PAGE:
IT IS a common headache for both online shoppers and deliverymen - the eagerly awaited parcel arrives but nobody is home to receive it.
To solve this problem, the Government will be rolling out lockers close to people's homes, Deputy Prime Minister Tharman Shanmugaratnam said yesterday.
The Republic will likely be the first country to do this nationwide, he added.
Mr Tharman, also Coordinating Minister for Economic and Social Policies, made the announcement at the opening of the LF Logistics' regional distribution centre in Jurong West.
E-commerce is on the rise but "last-mile" delivery - that final link in the logistics chain from the seller to the customer's doorstep - is still an inefficient business in many parts of the world, including Singapore, he noted.
According to Visa's 2015 Consumer Payment Attitudes Survey, more than 70 per cent of consumers in Singapore shop online at least once a month.
While there are many players competing in last-mile delivery, what would really raise the whole industry is a common infrastructure, Mr Tharman said.
And so, the Infocomm Development Authority of Singapore and economic agencies are working with businesses on these so-called "federated lockers" for small parcels.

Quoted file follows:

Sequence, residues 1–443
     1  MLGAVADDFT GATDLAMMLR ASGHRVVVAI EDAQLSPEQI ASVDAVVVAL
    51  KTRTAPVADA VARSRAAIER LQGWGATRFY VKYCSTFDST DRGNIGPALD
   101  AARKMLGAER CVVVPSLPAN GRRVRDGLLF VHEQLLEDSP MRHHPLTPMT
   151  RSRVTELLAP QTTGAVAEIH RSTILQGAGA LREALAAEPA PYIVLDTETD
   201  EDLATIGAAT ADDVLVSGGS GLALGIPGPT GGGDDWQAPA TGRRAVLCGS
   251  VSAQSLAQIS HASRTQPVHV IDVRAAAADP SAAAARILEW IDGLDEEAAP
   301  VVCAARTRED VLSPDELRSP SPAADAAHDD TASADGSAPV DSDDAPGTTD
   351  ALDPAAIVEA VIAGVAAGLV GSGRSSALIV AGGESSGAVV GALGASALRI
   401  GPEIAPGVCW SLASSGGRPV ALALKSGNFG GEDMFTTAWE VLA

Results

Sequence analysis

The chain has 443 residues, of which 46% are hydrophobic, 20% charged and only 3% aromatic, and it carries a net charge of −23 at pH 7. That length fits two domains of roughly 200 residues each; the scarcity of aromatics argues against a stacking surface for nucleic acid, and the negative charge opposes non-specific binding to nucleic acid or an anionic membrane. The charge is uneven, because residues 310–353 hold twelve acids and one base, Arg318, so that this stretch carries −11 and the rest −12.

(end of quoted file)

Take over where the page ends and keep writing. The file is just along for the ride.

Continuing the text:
"It will be implemented in areas with higher demand first, before we scale this up in neighbourhoods around the island to create a nationwide common parcel locker system," he said.
Details such as the cost of the project, timeline and the number of lockers are set to be unveiled later.
Some companies, including SingPost and logistics start-up NinjaVan, have started their own locker systems.
However, Mr Tharman noted it would be impractical and costly if each company were to employ its own locker solution in each neighbourhood.
NinjaVan co-founder and chief executive Lai Chang Wen agreed, saying he sees the government initiative as an opportunity for collaboration.
"All efforts to improve customer experience, including this government initiative, will help propel the growth of e-commerce."
Mr Tharman also said in his speech that domestic logistics is in "greatest need of transformation", and the Government has two pilot projects, starting in the second half of the year, to raise productivity in the industry.
One is an in-mall distribution model, where a logistics operator is placed within a mall to receive and consolidate goods delivered there. The operator will then deliver them to the respective shops.
The second is an offsite consolidation centre to ensure every truck making a delivery to a mall and its precinct is fully optimised.
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